We have crash landed into a new era for business culture. Performing complex transformations has become a basic requirement in business today.
And if you follow any ‘future of business’ trend watchers – Forbes, Accenture, Korn Ferry, etc – complex cultural transformation is our new normal.
Their top business trend insights are characterised by rapid decentralisation, deeper inclusivity, workforce reshaping, humane AI integration, delivering social purpose and authenticity. It is very clear that the most complex challenges facing business today are more deeply humanistic than ever before.
But at the same time we will still be expected to meet aggressive sales targets, budgetary constraints, competitive pressures, shareholder and executive demands.
This creates a loaded backdrop for cultural tension.
And where we used to have multiple years to perform a large transformation, we now seem to have months or a year if we’re lucky. With several on the go at the same time.
Here are five top tips I’ve learned that will help with your own complex, human-centred transformations…
1. Honour the “old”
Whether its a product, team, way of working or an entire strategy you are letting go, it contains a sea of emotional capital and shared stories. Blood, sweat and tears. It’s played an important role so let it go respectfully, talk about it, acknowledge its contribution to the next phase. People want to feel part of forward progression rather than contributors to past failure.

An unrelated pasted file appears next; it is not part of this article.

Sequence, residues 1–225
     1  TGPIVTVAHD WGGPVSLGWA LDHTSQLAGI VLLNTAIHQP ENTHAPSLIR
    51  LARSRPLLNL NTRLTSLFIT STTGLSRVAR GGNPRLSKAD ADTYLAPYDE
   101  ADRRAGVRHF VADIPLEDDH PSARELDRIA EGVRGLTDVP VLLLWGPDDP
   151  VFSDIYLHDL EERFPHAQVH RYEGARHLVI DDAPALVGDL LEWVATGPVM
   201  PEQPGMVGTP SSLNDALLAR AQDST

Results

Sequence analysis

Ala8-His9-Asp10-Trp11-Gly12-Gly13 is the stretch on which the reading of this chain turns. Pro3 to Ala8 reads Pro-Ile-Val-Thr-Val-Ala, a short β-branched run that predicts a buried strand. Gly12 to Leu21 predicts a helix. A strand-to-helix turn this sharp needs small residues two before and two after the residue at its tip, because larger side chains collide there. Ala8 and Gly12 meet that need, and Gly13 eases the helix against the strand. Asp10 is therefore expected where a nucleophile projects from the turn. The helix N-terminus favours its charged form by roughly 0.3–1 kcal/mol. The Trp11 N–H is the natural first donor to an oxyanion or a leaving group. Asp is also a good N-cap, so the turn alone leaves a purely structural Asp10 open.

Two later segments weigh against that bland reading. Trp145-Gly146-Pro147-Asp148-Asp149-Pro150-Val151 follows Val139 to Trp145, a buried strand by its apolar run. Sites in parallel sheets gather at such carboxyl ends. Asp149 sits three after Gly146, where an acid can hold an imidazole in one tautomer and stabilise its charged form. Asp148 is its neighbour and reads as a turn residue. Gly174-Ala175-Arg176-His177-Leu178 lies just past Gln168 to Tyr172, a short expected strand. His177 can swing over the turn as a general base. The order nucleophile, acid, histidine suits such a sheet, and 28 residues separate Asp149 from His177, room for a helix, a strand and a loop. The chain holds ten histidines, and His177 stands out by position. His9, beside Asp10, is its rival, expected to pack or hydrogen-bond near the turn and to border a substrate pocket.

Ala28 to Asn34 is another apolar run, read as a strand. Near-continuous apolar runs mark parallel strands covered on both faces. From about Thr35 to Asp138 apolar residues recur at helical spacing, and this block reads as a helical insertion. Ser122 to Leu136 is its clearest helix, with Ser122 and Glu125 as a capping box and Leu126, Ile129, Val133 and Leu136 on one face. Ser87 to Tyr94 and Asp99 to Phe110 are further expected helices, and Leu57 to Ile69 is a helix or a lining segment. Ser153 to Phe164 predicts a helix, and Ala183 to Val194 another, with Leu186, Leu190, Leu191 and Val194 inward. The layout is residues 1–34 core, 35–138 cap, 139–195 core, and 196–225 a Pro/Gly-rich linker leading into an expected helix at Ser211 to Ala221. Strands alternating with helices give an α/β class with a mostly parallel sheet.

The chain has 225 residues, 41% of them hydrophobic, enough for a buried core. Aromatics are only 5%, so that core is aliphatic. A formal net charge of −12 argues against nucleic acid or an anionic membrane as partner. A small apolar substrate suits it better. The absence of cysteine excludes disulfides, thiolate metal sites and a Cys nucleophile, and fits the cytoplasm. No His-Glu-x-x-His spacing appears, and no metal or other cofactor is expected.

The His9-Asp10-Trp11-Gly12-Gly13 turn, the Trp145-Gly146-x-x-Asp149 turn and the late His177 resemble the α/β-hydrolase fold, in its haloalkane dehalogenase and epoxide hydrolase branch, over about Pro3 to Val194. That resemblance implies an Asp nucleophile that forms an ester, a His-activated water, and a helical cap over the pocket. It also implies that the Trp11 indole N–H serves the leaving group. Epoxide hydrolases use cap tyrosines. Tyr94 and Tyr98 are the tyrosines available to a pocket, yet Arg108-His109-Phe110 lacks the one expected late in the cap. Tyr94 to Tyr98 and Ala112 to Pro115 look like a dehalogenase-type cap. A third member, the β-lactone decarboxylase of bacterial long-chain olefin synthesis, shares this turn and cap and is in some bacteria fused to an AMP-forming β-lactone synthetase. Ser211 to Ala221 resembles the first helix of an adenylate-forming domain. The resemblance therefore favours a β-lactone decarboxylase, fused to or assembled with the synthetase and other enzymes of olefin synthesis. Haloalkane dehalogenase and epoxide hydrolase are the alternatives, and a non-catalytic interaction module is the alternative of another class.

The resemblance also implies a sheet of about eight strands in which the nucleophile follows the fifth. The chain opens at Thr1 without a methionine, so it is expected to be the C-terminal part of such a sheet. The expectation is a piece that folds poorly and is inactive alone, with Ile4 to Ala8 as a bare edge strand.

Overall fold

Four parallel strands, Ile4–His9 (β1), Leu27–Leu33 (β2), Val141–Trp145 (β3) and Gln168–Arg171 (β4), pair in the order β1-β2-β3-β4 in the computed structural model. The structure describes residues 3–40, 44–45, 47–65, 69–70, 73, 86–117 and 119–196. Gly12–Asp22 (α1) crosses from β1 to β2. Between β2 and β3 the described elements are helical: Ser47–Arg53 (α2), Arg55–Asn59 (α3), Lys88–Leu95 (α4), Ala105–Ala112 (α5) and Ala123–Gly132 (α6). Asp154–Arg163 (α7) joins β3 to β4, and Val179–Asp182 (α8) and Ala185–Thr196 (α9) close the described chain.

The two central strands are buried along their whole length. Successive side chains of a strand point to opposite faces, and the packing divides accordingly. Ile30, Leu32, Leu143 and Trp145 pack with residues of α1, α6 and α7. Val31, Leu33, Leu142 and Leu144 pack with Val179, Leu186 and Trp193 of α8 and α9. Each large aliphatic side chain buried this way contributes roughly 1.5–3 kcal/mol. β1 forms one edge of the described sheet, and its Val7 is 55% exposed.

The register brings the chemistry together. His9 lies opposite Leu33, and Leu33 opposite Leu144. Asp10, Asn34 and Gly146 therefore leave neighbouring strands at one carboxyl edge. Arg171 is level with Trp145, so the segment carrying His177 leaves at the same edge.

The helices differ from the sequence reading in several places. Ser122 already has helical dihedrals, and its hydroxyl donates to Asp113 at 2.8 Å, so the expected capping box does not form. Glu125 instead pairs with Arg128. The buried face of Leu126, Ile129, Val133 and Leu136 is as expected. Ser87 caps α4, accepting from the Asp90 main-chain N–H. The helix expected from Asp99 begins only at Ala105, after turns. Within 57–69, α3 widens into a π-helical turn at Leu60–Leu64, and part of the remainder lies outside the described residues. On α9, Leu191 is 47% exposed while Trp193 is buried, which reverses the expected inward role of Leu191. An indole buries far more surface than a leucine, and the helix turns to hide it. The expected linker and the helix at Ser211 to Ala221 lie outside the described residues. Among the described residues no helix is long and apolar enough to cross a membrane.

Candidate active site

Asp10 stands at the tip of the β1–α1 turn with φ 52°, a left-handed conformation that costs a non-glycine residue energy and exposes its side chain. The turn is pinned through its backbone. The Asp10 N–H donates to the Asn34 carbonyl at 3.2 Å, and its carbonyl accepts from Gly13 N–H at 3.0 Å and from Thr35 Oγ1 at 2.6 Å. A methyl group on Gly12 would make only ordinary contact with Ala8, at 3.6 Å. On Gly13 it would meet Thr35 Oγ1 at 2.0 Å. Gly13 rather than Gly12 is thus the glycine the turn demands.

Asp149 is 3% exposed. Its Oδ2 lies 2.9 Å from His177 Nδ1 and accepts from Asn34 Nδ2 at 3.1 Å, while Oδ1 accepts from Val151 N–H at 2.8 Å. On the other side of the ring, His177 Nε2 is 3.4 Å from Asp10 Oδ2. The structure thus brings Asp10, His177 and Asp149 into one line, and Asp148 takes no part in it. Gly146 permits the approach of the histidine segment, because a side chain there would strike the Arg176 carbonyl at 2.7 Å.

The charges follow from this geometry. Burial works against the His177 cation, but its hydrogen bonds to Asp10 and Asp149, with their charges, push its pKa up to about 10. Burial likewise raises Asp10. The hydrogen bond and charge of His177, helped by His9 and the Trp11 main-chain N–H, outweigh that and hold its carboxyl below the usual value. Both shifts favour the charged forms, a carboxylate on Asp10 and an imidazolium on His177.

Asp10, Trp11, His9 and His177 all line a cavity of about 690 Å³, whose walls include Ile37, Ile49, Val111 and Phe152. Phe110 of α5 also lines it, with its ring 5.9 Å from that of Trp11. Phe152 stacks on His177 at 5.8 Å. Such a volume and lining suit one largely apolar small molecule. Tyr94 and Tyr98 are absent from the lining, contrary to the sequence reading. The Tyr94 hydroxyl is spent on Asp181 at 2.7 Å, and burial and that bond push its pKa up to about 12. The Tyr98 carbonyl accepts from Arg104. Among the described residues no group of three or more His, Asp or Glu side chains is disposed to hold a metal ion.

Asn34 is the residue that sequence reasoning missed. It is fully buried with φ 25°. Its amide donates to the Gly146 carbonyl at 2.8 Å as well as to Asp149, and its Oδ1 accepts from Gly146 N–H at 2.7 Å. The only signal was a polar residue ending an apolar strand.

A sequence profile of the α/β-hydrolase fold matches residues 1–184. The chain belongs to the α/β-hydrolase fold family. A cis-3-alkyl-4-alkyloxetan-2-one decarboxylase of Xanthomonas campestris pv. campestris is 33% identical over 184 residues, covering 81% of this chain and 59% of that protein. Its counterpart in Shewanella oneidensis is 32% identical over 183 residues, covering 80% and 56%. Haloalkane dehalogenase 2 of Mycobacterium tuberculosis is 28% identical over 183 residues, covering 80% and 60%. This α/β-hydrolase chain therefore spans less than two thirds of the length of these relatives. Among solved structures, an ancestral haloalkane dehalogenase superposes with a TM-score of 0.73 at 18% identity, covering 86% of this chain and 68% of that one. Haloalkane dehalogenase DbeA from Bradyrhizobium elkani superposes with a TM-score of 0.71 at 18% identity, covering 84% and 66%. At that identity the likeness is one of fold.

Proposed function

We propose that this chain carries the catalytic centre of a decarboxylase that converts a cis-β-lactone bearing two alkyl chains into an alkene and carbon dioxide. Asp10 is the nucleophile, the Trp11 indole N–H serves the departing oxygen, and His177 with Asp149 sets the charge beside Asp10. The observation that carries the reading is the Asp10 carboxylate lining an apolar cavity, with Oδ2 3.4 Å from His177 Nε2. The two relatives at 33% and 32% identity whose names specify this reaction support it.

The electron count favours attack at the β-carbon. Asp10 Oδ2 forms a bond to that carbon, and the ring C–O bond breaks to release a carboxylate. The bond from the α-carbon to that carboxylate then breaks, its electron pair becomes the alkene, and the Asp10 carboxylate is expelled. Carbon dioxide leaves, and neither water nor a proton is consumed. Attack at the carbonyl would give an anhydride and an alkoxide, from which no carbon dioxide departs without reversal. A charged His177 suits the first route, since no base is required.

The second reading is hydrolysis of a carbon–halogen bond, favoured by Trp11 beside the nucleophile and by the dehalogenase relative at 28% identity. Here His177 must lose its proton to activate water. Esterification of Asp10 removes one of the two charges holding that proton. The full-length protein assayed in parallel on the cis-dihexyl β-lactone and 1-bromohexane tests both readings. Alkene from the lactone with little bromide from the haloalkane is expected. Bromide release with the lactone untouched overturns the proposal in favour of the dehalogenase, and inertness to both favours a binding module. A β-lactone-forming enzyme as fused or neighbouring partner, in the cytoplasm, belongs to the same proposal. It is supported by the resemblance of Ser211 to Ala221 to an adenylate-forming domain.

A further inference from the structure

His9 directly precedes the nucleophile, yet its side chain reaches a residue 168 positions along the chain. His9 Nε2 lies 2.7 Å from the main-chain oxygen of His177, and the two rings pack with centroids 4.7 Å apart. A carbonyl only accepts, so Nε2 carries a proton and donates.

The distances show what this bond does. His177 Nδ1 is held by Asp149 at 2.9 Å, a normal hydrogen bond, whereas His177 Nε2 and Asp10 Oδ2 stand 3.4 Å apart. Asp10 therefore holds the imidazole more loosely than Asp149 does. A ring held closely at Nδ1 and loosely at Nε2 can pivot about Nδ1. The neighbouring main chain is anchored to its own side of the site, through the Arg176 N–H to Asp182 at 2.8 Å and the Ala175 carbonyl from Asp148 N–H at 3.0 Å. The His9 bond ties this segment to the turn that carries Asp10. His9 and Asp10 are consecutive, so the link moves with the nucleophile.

2. Listen, constantly
Years of experience and accumulated knowledge also leads to personal blindspots. Make space for different perspectives to surface and then actively listen to them. Informal, formal, in person (ideal), surveys (if outcomes aired and actioned), social media – use whatever methods suit your culture to keep people engaged, and learn from them.
3. Stay flexible
Entrenched positions today plant seeds for failure tomorrow. Incorporate new ideas and knowledge gained from your active listening practices. View business plans as directional signposts rather than concrete destinations. Encourage regular feedback to enable constant course adjustments.
4. Connect with your emerging future of work
Potential future organisational features can be a source for business inspiration. Complex transformations like hybrid working, ESG integration, wellness programs, or sustainable operations offer fuel for workplace innovation. If these changes only feel like distractions to “core business”, they will be. Crowd source ideas and energy to make them opportunities to grow a vibrant future workplace and innovate new products.
5. Allow time
Business transformation is ultimately about human change. It ALWAYS take longer than hoped for, and only works when people feel part of it, not subjected to it. Is a transformation program delivered ‘on time’ that people had to be dragged through better than something slightly longer that achieved a revitalised culture?